Under section 300 the High Court, on a liquidator’s application, may declare those in governance personally liable, without limitation, for all or part of the debts and liabilities of the incorporated society or trust. The Court will consider whether failures under the relevant sections have either contributed to the entity’s inability to pay its debts, resulted in substantial uncertainty as to the assets and liabilities of the entity, impeded orderly liquidation, or for any other reason it is proper to make such declaration. The only defences are that the director or former director “took all reasonable steps to ensure compliance” or “had reasonable grounds to believe and did believe that a competent and reliable person was charged with the duty of seeing that that provision was complied with and was in a position to discharge that duty.”
Under section 301 (on application by a liquidator, creditor or shareholder) where in the course of liquidation it appears to the High Court that a person involved in the formation, promotion or governance of an incorporated society or trust has misapplied, or retained, or become liable or accountable for, money or property of the entity or been guilty of negligence, default, or breach of duty or trust in relation to the entity the Court may order the person either to repay or restore the money or property or any part of it with interest or order the person contribute a sum to the assets of the entity by way of compensation (if the application is made by a creditor the Court may also order that money or property with interest be transferred to the creditor). The amount of compensation awarded will take into account the degree to which the person’s activities caused loss, the culpability of the person, and duration of the activity subject to litigation (see Fautipaito v Bates  3 NZLR 386, - and Maloc Construction Ltd v Chadwick & Ors (1986) 2 BCR 217). Section 301 contemplates compensation being payable to the entity itself (see Walker v Allen 18/3/04, France J, HC Nelson CP13/00).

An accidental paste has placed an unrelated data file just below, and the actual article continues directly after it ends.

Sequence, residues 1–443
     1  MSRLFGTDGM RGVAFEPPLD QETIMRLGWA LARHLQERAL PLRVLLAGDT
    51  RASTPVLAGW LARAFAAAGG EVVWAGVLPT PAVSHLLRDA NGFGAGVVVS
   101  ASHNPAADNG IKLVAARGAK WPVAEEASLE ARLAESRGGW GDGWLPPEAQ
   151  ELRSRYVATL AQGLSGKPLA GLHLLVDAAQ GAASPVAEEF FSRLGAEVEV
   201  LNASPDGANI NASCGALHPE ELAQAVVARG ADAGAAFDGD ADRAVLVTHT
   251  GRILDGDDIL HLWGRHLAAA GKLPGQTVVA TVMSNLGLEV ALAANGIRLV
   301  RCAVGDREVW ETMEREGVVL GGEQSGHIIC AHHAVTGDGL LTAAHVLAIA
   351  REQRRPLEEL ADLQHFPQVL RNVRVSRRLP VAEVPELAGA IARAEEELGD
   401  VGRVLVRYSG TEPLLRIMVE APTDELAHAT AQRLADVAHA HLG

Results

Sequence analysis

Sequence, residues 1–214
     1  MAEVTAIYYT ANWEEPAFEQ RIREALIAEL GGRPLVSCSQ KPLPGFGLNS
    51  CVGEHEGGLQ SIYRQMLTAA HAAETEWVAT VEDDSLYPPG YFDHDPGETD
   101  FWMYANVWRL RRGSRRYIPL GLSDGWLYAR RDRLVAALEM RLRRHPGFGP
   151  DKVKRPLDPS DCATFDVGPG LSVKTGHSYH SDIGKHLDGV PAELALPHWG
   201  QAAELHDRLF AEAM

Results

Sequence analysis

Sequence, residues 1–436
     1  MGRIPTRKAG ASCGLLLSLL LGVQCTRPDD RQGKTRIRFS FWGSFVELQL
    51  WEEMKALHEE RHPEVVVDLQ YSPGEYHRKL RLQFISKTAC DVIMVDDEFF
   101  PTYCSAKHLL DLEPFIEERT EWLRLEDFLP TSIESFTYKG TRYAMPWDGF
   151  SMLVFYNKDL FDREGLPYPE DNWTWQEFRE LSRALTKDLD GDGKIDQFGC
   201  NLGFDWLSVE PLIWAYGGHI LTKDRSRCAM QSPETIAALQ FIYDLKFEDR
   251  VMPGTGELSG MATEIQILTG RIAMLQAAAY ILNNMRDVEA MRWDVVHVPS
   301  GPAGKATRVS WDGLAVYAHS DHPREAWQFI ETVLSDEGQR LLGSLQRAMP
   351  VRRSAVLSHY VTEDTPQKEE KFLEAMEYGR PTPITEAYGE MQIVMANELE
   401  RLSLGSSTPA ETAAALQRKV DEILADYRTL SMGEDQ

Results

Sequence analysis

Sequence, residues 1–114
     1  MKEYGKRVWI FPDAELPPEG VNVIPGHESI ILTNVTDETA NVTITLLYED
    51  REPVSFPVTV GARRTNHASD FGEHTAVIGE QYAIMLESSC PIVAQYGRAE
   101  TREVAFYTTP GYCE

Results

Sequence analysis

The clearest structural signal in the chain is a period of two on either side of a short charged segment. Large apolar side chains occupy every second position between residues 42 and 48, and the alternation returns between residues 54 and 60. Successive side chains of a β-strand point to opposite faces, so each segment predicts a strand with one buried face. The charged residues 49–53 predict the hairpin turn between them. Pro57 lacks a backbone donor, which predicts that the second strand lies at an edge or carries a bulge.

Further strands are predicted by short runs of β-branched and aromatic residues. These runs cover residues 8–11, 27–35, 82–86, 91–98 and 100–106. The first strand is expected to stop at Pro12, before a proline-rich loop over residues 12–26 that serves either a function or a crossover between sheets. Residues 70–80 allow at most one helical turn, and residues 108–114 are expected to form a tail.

As noted above, the new Incorporated Societies Act is expected to make the governance and management obligations of society committee members far more explicit.
Protection from liability?
Many incorporated societies and trusts have a provision in their constitutions designed to protect those in governance or management from the risks of personal liability, but this is generally limited to circumstances where they have acted lawfully and honestly in furtherance of their responsibilities and in accordance with the constitution. The problems with such a rule when a society gets into financial strife are two-fold:
First, questions will arise as to whether those presiding over an organisation that gets into a financial crisis can properly claim to be acting “lawfully … in furtherance of their responsibilities and in accordance with the constitution.” If their actions are subject to successful challenge under Part 16, Companies Act, members of committees and trustees may not be entitled to claim indemnity under such clauses.
Second, even if indemnity is available those in governance will still be faced with having to defend their actions from a liquidator’s or creditor’s claims and if the entity is insolvent the indemnity will be worthless.
Some voluntary entities obtain the equivalent of directors’ indemnity insurance for those in governance. The conditions of such cover may be such that committee members or trustees will find that their actions are not covered (and some excess will almost certainly apply), and in any event they will have to spend time (and experience the stress of) defending their actions.